AskDefine | Define dysthymia

Dictionary Definition

dysthymia n : mild chronic depression; "I thought she had just been in a bad mood for thirty years, but the doctor called it dysthymia" [syn: dysthymic depression]

User Contributed Dictionary

English

Etymology

From δυσ- + θυμός

Noun

dysthymia
  1. A tendency to be depressed, without hope.
  2. One form of clinical depression, characterized by low-grade depression which lasts at least 2 years.

Antonyms

Derived terms

Translations

tendency to be depressed (1)
  • French: dysthymie
  • Greek: δυσθυμία
form of clinical depression (2)
  • French: dysthymie
  • Greek: δυσθυμία

Extensive Definition

Dysthymia (pronounced /dɪsˈθaɪmiə/) is a mood disorder that falls within the depression spectrum. It is considered a less severe condition than major depression. Dysthymic disorder is generally thought to be a chronic depression. According to the APA, DSM-IV (2000), two or more of six possible symptoms must be present for a diagnosis of dysthymia. These symptoms include poor appetite or overeating, insomnia or hypersomnia, low energy or fatigue, low self-esteem, poor concentration or difficulty making decisions, and feelings of hopelessness. An individual must experience symptoms for at least two years and should have no longer than a two-month period without symptoms being present. These symptoms must result in clinically significant distress or impairment in social, occupational, academic, or other major areas of functioning (APA, 2000). This disorder tends to be a chronic, long-lasting illness.. Other new anti-depressants include bupropion (Wellbutrin), venlafaxine (Effexor), mirtazapine (Remeron), and duloxetine (Cymbalta).
There may be side effects of medication. SSRIs can cause nausea and problems with sexual functioning. They can cause anxiety to increase in the early stages of treatment and lead to apathy in the long run. Concerns about the increased risk of suicide have led the U.S Food and drug administration to advise many anti-depressant manufacturers to put prominent warning labels on their products. The scientific community has not found that anti-depressants increase suicide risk, but a small number of people using the medications feel strikingly worse rather than better when they take them. You should immediately report all troubling changes to your doctor and keep all follow-up appointments. Remember the risk of leaving depression untreated is far greater than the risk of treatment with an anti-depressant.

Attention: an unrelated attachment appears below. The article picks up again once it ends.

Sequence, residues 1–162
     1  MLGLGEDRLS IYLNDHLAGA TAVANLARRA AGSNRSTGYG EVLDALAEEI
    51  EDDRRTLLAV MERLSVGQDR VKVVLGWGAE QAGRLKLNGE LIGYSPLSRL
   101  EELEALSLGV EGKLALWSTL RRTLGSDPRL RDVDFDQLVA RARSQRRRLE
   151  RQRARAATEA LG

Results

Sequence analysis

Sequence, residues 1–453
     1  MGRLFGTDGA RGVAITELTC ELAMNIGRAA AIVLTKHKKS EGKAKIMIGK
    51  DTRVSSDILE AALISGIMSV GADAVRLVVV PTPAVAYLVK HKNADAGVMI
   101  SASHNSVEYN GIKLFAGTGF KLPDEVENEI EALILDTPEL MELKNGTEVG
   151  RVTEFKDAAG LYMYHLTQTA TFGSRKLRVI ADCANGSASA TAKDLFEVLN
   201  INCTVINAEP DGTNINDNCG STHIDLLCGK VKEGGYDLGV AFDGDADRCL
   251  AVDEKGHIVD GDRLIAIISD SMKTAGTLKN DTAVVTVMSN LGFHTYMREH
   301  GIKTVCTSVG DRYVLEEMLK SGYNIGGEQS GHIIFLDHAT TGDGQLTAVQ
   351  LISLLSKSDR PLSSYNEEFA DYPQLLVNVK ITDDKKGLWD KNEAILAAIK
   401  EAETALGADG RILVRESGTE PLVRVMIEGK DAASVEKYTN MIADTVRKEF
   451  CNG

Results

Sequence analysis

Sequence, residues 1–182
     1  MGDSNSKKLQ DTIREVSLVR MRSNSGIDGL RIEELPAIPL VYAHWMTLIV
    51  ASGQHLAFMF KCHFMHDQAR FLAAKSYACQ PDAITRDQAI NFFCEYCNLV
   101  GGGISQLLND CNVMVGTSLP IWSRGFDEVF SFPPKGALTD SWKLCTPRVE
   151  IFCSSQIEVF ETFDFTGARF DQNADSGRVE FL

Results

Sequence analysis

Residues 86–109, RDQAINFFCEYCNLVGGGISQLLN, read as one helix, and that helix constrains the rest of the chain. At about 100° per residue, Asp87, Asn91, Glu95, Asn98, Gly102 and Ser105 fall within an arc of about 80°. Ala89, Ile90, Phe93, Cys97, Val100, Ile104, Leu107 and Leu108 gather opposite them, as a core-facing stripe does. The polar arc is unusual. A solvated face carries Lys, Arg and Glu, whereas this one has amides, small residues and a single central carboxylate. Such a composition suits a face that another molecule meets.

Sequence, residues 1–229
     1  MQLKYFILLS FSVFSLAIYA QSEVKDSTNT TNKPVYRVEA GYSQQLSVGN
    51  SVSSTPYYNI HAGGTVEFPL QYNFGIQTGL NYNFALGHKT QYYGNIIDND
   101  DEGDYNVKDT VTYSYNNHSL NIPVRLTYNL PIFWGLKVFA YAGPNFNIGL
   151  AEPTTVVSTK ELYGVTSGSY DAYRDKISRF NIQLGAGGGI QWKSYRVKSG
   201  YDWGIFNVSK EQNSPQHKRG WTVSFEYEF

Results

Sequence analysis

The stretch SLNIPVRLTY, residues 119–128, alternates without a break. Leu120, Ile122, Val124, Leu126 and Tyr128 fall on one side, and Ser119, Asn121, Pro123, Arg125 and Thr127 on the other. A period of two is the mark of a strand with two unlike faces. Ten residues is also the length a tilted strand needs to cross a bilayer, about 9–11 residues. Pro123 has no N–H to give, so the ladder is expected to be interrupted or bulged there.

It usually takes two to six weeks of anti-depressant use to see improvement. The dose may have to be adjusted. Often it will take up to a few months for the full positive effect to be seen. Sometimes two different anti-depressant medications are prescribed together, or your doctor may combine a mood stabilizer or anti-anxiety medication with an anti-depressant. The type of psychotherapy that will help depends on a number of factors, including the nature of any stressful events, the availability of family and other social support, and personal preference. Therapy should include education about depression. Support is essential. Cognitive behavioral therapy is designed to examine and help correct faulty, self-critical thought patterns and correct the cognitive distortions that persons with mood disorders commonly experience. Psychodynamic, insight-oriented or interpersonal psychotherapy can help a person sort out conflicts in important relationships or explore the history behind the symptoms. sds

See also

References

dysthymia in Czech: Dystymie
dysthymia in German: Dysthymie
dysthymia in Modern Greek (1453-): Δυσθυμία
dysthymia in Spanish: Distimia
dysthymia in French: Dysthymie
dysthymia in Italian: Distimia
dysthymia in Hebrew: דיסתימיה
dysthymia in Dutch: Dysthyme stoornis
dysthymia in Polish: Dystymia
dysthymia in Portuguese: Distimia
dysthymia in Russian: Дистимия
dysthymia in Finnish: Dystymia
dysthymia in Swedish: Dystymi
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